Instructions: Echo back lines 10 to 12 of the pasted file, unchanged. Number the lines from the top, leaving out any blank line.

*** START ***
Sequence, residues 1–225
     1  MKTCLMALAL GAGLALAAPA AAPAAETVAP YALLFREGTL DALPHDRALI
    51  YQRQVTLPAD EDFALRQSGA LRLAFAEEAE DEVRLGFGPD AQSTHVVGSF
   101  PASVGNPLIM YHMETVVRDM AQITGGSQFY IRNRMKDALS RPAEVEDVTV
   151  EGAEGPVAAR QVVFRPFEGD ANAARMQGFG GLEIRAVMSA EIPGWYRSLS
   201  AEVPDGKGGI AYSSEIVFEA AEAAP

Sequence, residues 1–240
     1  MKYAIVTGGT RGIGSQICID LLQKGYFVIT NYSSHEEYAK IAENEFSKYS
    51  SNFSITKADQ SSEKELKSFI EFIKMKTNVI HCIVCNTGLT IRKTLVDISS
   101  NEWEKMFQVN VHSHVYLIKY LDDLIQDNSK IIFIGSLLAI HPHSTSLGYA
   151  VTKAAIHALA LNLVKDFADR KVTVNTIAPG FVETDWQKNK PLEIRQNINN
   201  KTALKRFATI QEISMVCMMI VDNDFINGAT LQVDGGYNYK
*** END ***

   101  NEWEKMFQVN VHSHVYLIKY LDDLIQDNSK IIFIGSLLAI HPHSTSLGYA
   151  VTKAAIHALA LNLVKDFADR KVTVNTIAPG FVETDWQKNK PLEIRQNINN
   201  KTALKRFATI QEISMVCMMI VDNDFINGAT LQVDGGYNYK